NC Democrats, GOP launch more attacks as Harris-McCready race looks destined for court

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One day before the new year, there remains little hope for a resolution in the country's last undecided congressional race.

Wayne Goodwin, Chairman of North Carolina's Democratic Party, on Monday released perhaps his strongest statement yet related to the Ninth Congressional District controversy, accusing Republican leaders of "obstructing justice" who want to "quash the investigation" into alleged voter fraud.

"North Carolina Republican Party Chairman Robin Hayes and Executive Director Dallas Woodhouse are on a subpoena list to appear at a public hearing," Goodwin says, referring to a Jan. 11 hearing that was scheduled by the since-dismantled State Board of Elections and Ethics Enforcement.

"These Republican leaders are obstructing justice to quash the investigation and get out of revealing at a public hearing what they knew and when."

Woodhouse, for his part, lashed back at Goodwin warning on Twitter that the NC Democratic Party is "getting dangerously close to a damn defamation claim."

Democrat Dan McCready, the candidate who trails Republican Mark Harris in the 9th Congressional race, this weekend requested subpoenas for dozens of people - including Harris, Hayes, Woodhouse, and McRae Dowless, the political operative who is at the center of the allegations of harvesting absentee ballots.

Harris, meanwhile, last week petitioned for immediate certification so he can sworn-in with the rest of the 116th Congress in Washington on Jan. 3.
Attorneys for Mark Harris write "The State Board has failed to specifically outline any facts to support its decision not to certify the election results in the 9th District other than its references to 'irregularities.'"

Harris' petition, however, was relevant for only a few hours, as the nine-member State Board dissolved at noon on Dec. 28. The uncertainty surrounding its replacement, moreover, is another core controversy which also has an impact on McCready's request for subpoenas: who right now can be the legal entity to investigate the allegations, oversee the hearing, judge the evidence and rule either on certification or a new election?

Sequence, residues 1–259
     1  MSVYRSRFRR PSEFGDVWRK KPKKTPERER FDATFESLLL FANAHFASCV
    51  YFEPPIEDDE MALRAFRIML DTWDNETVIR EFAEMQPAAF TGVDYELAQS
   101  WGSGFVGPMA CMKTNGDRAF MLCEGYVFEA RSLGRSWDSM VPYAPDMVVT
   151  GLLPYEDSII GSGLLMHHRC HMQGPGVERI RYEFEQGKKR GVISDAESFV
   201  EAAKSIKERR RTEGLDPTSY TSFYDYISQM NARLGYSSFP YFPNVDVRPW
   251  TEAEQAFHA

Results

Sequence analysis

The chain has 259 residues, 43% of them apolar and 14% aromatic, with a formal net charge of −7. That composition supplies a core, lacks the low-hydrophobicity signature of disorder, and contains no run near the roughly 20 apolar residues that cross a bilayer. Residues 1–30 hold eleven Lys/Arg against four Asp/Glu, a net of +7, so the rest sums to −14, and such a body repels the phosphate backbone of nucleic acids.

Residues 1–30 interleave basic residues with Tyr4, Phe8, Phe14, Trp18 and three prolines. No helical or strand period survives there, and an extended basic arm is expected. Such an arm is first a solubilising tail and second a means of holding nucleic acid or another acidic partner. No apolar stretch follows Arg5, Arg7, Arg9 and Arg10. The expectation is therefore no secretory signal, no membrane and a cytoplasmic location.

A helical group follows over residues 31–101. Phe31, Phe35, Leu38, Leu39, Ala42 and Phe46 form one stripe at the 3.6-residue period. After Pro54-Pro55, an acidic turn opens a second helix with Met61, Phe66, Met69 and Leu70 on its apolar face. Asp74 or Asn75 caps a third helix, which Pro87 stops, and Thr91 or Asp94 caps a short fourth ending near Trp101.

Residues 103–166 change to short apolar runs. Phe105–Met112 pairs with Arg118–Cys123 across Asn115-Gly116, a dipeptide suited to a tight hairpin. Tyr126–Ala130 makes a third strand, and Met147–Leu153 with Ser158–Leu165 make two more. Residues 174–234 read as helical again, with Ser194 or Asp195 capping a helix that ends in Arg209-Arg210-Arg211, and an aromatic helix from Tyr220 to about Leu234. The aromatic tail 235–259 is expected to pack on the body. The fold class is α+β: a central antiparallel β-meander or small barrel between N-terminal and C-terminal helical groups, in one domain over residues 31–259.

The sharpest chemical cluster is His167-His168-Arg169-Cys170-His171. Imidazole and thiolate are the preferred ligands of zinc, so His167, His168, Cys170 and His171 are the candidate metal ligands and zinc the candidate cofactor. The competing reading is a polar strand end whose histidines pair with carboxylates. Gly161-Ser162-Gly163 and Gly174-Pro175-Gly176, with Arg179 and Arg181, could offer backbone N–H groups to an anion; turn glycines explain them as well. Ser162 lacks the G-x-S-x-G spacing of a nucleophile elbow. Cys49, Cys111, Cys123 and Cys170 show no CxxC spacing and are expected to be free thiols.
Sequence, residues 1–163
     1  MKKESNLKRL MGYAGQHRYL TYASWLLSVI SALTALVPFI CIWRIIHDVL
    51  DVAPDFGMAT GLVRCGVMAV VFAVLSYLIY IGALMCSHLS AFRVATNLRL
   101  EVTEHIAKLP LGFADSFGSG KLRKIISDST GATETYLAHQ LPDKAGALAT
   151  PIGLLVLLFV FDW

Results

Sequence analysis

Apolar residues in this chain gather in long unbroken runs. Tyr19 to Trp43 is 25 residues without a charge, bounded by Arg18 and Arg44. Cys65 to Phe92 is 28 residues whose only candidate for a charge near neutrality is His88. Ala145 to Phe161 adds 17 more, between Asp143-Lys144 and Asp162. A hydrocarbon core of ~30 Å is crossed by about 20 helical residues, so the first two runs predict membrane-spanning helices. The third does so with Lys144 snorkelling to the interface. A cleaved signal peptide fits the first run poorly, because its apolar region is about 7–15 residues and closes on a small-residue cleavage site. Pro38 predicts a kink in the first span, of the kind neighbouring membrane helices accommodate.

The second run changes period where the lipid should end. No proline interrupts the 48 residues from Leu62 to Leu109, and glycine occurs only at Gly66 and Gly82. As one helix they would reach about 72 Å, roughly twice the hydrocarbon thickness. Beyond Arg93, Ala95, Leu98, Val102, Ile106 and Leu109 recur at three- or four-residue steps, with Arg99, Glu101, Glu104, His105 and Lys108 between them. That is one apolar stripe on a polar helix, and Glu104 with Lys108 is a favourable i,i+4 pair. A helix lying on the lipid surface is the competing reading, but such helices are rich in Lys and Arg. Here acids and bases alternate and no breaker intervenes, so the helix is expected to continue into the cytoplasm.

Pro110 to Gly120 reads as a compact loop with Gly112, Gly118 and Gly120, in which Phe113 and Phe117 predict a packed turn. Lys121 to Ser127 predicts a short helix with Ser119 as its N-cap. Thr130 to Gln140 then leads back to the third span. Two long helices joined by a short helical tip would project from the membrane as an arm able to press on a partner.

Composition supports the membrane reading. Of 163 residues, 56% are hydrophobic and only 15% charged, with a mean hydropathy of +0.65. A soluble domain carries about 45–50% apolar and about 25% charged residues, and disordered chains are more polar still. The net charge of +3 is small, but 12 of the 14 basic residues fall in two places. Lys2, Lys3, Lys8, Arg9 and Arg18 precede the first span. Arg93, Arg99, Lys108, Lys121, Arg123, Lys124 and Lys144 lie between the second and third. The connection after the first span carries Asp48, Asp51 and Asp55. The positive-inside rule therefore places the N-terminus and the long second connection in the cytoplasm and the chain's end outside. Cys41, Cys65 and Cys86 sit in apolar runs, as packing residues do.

Per court order -- and new state law -- North Carolina elections will soon be managed and safeguarded by a five-member Board of Elections and a separate Board of Ethics, with all members nominated by Governor Roy Cooper. That law, however, doesn't take effect until January 31st.

Gov. Cooper sent letters to state leaders of both Democrats and Republicans for names to be considered for a temporary five-member Board of Elections to continue the probe into how absentee ballots were gathered, but Republicans have been quick to denounce the effort as "unconstitutional" and proclaiming they won't be "bullied" into accepting nominations to an "interim" board.

The saga over the elections board dates back to 2016 when Republicans tried to reduce the governor's role in managing elections in a Special Legislative Session after Cooper's election win over incumbent Gov. Pat McCrory. Then Gov.-Elect Cooper sued and ultimately won in court -- many times -- and a GOP-sponsored constitutional amendment failed to keep the changes.

With Republicans now refusing to participate in an interim board, GOP leaders are signaling their gameplan for immediate action would take place in federal court, which could ultimately decide if the governor has the constitutional authority to nominate a temporary board. The court could also decide whether the state is failing to fulfill its duty and certify Harris' election win.
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politicselectionvotingfraudpoliticspolitical scandalRaleighNC
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